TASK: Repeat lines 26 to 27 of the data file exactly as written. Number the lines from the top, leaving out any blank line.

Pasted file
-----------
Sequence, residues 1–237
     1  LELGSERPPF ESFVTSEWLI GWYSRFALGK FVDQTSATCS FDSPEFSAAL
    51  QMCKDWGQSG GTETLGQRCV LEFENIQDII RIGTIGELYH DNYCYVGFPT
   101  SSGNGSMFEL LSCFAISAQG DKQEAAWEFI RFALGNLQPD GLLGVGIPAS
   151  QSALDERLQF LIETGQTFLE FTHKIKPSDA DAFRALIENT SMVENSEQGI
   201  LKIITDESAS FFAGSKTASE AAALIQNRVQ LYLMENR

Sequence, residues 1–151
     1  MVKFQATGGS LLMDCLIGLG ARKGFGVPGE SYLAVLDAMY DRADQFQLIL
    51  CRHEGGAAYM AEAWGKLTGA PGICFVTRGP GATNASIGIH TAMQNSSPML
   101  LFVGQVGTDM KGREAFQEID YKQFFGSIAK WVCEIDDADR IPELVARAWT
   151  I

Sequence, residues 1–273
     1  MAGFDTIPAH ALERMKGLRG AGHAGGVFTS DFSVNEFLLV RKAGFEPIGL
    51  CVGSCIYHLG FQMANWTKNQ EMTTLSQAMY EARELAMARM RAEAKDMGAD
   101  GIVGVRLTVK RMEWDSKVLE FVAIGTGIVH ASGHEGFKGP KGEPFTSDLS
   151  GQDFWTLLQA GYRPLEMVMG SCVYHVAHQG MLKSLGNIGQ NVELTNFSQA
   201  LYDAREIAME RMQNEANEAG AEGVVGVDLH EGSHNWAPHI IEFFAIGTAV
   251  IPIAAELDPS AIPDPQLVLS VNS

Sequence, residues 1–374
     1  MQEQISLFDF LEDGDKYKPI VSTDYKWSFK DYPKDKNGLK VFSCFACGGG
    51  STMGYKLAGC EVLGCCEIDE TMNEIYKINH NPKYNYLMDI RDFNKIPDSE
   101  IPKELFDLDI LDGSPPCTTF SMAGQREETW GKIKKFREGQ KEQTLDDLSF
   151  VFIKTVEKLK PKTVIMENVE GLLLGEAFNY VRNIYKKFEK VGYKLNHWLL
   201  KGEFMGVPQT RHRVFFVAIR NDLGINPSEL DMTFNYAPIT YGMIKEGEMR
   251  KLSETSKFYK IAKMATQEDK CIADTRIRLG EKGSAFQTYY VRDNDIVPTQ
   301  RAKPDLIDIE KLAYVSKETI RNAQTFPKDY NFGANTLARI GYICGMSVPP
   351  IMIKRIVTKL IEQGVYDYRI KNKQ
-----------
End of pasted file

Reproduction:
   301  RAKPDLIDIE KLAYVSKETI RNAQTFPKDY NFGANTLARI GYICGMSVPP
   351  IMIKRIVTKL IEQGVYDYRI KNKQ